Are people tired of journalists in the Middle East region?
People are very cynical, they’ve been talking to journalists for ages. And nothing changes. I think we’re tired of the way the Middle East is talked about! It’s framed in very simplistic, or inaccurate ways. One issue, as a woman from this region, that I personally am incredibly tired of, and find orientalist, reductionist, simplistic, and outright baffling, is the western/northern inordinate obsession with women in hijab. I mean, look, we are talking about a shocking period of tumult, of occupation, displacement, breakneck geo-political developments, utter violence in Iraq and Syria, the rise of a terrorist entity that has access to selling oil and the creation of a state. In that light, why discuss women in hijab? It is such a non-issue for me. Your average Middle-Easterner or enlightened traveller, journalist or academic, will not focus on it. Well, unless it is intended to sell – sex sells. When talking about the Middle East, the veil sells. The same picture, of a woman on a beach peering to sea with hair showing versus a woman in hijab staring at the sea will illicit different intrigue and publishing options. It is not interesting. I wish we could go past this. I don’t associate the hijab with oppression.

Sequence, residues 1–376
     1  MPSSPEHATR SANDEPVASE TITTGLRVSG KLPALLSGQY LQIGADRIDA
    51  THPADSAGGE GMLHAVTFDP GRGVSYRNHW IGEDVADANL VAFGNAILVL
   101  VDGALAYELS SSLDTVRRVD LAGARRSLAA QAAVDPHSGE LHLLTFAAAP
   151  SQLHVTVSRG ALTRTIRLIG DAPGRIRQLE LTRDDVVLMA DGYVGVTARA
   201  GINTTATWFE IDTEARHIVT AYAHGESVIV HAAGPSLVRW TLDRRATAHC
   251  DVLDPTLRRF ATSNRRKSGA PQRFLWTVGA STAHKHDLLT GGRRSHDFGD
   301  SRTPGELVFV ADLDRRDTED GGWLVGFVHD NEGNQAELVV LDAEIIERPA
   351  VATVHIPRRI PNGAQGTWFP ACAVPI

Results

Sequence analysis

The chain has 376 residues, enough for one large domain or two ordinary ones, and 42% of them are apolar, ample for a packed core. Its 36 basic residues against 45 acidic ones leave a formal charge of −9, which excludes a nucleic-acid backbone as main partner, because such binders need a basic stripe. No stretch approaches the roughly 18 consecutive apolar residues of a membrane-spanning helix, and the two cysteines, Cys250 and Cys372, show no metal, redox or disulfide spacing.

Is it fair to say that people living in occupied territories are actually increasingly engaged with the power dynamics, so they feel, “If I give you my heart, my time, and access, I want something back”. Do you get that?
Yes, people are tired. There’s a political obligation for people here to talk, and so many of the photos in Occupied Pleasures took so many hours, so much work. They wanted to know if I had an agenda. There was an initial reservation – do you want to talk me about pleasure? Pleasure, under occupation? Seriously?
How has winning a World Press Photo Award in 2014 changed things?
In the last few years, by having recognition by World Press Photo, it opened a lot of doors. Suddenly I’m being invited to judge, be on panels. It’s a game changer. Suddenly my family gets it – “she’s not just out there taking pictures. She’s doing something!” And also for the people I photograph, the award makes a difference. When working with Syrian refugees or Palestinians whose husbands have been killed, they don’t give a damn, but some of the more upper class individuals, they see I’m not just another freelancer. I’m contributing to, and changing the global conversation about representation of the Middle East. I give talks, masterclasses, get invited around the world. I can speak out and change the conversations about occupied territories and other Middle East issues. I can narrate. I can choose the terms.
- Occcupied Pleasures by Tanya Habjouqa is published by Fotoevidence
Click on the thumbnails to enlarge